Ms. Sheehan has the right, as does anyone, to protest. But, we have heard her, and it’s time to move on. She has allowed herself to get wrapped up with some not-so-nice organizations, and that is a shame. At first, folks would have said, “OK, she’s in grief over the death of her son.” And, who wouldn’t be? But as things progressed, and we found out that the President had already met with her once, I began to question why he should grant her another meeting. He’s a busy man. Even on vacation, he has to work, his responsibilities don’t end, and she should have had enough sense to realize that her demands were not going to be met, especially by anyone like GW.

As I was writing this, FNC announced that she was leaving because her mother has had a stroke. I’m sorry about her mother, and I feel for Ms. Sheehan, who should have been with her family instead of tilting at windmills while her mom got sick. We can now just hope the other nutcases will leave Crawford and go home, let the President get some rest, and give the rest of us some peace. No doubt, the media will go hunting around for the next thing to talk about hour after hour, boring the crap out of us all.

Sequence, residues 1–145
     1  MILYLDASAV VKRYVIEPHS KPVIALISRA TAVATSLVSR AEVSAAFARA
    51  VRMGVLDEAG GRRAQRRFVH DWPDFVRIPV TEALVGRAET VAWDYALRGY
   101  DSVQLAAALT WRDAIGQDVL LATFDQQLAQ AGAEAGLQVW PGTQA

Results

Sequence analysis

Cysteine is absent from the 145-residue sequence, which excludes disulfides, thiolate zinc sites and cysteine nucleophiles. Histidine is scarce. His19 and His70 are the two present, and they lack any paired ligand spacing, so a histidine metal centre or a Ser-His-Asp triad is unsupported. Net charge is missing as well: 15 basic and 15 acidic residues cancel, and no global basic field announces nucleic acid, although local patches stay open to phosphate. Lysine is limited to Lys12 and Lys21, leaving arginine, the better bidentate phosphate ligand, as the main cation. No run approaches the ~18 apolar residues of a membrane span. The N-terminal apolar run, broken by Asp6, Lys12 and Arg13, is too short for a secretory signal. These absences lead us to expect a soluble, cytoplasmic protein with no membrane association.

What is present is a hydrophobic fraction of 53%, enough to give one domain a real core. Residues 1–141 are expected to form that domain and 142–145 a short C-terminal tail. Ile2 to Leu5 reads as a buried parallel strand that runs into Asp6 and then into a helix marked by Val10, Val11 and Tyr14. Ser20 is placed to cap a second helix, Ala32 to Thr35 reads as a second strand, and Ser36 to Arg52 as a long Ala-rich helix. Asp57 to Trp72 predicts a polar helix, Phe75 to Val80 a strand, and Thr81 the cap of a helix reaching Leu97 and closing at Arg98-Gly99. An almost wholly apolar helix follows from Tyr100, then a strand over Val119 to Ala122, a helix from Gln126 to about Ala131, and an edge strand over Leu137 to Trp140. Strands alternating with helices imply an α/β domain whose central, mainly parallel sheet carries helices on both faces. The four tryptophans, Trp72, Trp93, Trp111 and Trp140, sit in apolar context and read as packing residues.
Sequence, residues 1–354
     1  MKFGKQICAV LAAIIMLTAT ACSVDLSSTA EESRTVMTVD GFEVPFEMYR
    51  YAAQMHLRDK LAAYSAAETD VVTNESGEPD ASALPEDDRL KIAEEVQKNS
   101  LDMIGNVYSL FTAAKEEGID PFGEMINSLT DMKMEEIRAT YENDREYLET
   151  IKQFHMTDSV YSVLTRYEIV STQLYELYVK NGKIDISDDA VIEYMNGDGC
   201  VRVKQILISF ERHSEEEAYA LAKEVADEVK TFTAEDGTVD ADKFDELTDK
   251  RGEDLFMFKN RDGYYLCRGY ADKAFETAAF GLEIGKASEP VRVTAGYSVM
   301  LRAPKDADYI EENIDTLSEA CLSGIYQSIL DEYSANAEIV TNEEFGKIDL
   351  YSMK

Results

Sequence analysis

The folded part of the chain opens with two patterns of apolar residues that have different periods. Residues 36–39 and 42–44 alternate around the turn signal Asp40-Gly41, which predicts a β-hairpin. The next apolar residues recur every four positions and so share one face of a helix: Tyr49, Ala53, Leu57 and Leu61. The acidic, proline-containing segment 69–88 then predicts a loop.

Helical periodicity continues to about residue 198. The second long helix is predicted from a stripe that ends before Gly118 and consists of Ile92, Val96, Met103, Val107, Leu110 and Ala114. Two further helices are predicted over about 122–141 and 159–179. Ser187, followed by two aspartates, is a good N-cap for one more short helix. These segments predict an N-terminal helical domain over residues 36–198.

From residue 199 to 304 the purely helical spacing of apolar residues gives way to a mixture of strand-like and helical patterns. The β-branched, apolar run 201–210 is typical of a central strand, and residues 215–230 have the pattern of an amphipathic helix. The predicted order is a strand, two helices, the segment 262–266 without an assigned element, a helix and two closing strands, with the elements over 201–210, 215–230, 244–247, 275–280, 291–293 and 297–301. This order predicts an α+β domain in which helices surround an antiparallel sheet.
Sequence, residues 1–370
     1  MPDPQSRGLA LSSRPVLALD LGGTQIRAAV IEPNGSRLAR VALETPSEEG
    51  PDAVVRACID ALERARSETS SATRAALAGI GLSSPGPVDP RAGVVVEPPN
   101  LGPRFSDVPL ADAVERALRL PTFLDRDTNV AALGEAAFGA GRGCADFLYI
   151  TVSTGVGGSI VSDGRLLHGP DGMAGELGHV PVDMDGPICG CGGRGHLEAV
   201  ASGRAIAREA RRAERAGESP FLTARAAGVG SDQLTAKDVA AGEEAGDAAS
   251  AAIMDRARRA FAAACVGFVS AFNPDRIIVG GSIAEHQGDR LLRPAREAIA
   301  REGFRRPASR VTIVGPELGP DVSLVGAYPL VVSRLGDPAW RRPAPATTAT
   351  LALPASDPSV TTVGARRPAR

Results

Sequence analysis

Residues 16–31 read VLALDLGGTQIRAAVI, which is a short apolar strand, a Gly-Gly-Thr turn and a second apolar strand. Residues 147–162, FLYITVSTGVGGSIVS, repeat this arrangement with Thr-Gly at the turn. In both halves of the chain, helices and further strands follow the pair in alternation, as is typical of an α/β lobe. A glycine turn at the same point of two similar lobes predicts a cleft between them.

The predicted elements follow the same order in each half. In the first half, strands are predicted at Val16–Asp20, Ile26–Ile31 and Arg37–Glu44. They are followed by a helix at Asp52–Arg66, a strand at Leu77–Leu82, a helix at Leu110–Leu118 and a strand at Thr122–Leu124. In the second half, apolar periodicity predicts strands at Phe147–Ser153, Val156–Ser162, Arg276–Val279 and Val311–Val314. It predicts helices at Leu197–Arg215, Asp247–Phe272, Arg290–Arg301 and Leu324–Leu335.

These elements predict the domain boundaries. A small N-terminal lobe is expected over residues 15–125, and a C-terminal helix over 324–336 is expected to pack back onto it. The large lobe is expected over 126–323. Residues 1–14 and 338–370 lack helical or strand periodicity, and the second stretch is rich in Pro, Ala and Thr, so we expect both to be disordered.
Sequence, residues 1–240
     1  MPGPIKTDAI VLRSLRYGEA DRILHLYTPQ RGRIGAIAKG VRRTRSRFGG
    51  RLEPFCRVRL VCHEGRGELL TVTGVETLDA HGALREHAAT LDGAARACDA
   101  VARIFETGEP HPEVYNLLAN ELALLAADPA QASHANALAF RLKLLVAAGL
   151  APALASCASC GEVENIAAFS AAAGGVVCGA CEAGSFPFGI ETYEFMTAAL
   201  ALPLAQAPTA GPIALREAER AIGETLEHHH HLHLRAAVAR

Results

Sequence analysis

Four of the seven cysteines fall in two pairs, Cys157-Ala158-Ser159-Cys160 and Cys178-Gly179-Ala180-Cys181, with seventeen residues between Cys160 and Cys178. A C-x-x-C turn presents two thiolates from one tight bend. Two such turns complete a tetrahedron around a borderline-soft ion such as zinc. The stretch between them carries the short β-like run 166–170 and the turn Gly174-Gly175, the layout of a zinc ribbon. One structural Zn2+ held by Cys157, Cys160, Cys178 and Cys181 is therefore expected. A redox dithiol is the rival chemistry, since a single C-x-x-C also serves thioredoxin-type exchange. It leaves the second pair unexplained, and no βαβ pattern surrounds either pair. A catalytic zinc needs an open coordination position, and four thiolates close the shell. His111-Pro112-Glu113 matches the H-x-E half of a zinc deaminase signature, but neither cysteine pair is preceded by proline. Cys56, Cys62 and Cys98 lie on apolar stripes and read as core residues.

So, what’s next?

02. August 2005 · Comments Off on News Incoming · Categories: General

Incoming news from FNC: A commercial jet has crashed on landing at Toronto Int’l Airport this afternoon. The plane slid off the runway during landing, and minutes after stopping, burst into flames. There were severe thunderstorms in the area, which may have contributed to the crash.

CTV reports that, thankfully, there were no fatalities in the crash.

31. July 2005 · Comments Off on Hey Y’all! · Categories: Ain't That America?, Good God, Working In A Salt Mine...